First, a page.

This happens almost every now and then with the developers who are very new to the Git. I’m writing it down in the hope that if somehow the original post on stackoverflow is not available for one or other reasons, people can still find the solution. Also, even after fixing this for multiple times, I do not remember the exact commands, I still end up googling the solution. Sometimes, it takes a lot of time to find the original post as there are so many reasons for .gitignore file not working in intended ways. So the scenario is like this, that you are very new to Git or have some understanding of Git or you are very excited about an idea, you started coding on it, then you initialize and then commit your files.
Then you setup a remote source code repository in GitHub or GitLab or Azure Repos or any other tool of your choice, and then sync your code in it. Then it asks you whether you want to add .gitignore file to it.
Then you realize that you needed to add a .gitignore file to your source code repository. You hurriedly write a .gitignore file adding all required file paths and make a commit. But after then, you realize that it is not actually ignoring files which you told it to do.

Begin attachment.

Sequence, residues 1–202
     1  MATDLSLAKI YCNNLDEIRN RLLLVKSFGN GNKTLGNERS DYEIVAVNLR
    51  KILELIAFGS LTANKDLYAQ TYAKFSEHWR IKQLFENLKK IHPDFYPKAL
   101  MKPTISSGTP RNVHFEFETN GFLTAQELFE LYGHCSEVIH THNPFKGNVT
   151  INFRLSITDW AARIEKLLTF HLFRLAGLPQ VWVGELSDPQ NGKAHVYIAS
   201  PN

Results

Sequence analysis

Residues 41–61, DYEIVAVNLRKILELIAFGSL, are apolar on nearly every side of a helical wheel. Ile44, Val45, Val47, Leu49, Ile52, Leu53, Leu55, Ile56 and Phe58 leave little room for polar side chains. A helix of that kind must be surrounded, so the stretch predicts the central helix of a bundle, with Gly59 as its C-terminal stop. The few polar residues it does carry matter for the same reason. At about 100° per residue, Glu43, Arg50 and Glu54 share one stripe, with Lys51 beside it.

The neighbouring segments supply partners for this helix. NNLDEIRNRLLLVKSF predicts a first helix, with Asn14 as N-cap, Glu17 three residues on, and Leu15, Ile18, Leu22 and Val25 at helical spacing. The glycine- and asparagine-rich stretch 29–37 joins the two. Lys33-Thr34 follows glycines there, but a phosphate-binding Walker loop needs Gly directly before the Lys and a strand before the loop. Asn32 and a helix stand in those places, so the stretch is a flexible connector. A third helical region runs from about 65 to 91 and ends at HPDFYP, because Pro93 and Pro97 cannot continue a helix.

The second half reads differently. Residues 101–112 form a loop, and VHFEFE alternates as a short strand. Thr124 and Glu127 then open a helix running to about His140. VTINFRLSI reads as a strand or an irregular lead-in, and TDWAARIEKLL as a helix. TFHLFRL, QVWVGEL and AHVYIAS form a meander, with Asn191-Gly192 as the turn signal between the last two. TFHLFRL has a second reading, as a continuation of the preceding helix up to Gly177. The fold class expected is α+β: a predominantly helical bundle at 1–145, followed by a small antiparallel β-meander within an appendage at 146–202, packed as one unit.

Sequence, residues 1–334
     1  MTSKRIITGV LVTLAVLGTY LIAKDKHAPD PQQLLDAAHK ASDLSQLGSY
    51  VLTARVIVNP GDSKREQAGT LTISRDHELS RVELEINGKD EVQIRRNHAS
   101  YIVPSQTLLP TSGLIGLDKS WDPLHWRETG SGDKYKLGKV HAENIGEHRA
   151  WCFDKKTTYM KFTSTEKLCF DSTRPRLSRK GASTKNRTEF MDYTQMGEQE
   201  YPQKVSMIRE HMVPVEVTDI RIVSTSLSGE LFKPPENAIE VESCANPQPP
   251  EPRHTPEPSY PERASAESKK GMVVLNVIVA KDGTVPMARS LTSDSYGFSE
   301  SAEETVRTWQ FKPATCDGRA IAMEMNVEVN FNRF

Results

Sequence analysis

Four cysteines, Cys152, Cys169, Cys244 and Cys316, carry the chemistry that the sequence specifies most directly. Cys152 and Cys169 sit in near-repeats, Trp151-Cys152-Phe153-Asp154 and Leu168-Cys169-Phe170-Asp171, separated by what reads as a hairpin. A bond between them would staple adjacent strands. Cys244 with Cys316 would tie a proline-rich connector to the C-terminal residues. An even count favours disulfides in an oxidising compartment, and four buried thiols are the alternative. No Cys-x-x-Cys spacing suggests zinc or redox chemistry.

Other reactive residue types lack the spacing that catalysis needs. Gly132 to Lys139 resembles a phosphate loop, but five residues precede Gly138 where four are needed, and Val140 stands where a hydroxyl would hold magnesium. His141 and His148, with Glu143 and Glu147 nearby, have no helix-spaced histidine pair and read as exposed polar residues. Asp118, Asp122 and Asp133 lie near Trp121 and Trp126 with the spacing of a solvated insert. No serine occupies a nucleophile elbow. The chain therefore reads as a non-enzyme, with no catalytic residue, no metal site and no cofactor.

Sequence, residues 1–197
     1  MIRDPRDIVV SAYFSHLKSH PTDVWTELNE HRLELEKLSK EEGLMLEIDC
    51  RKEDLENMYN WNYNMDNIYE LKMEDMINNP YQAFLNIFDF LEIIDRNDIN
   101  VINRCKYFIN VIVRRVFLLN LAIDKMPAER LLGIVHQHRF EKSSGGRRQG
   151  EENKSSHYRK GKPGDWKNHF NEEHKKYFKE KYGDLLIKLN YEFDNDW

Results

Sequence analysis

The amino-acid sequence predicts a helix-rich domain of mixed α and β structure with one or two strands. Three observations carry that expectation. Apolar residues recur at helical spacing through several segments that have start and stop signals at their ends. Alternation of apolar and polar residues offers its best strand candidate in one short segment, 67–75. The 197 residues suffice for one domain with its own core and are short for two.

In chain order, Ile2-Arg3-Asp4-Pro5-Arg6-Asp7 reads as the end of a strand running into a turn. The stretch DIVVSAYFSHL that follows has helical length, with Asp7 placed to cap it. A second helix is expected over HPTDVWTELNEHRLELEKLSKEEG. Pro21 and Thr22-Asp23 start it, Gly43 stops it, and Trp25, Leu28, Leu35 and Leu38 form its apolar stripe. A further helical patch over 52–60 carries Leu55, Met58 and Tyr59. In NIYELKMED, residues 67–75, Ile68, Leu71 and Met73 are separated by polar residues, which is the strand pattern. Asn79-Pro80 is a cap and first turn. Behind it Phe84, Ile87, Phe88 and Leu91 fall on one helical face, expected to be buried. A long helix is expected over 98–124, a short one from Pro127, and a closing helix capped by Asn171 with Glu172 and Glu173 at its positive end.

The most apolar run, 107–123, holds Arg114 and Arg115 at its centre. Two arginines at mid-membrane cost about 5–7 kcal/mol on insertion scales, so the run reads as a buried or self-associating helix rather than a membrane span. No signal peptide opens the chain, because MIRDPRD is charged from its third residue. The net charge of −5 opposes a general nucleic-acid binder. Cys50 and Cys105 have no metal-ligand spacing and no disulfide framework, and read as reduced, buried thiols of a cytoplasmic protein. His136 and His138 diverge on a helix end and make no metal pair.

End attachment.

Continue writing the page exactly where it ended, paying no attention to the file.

In this case, the solution is to remove the all tracked files from index and then add them back by using below commands:
git rm -r –cached .
git add .
git commit -m “.gitignore is now working”
The first line unstages and removes the paths to your files from the git index recursively. The second line adds all your files back in but because the .gitignore is present it will not add files that should be ignored. The final line commits all your files back to the index.
The learning is that .gitignore file works only for committed files only when you rebuild the git index.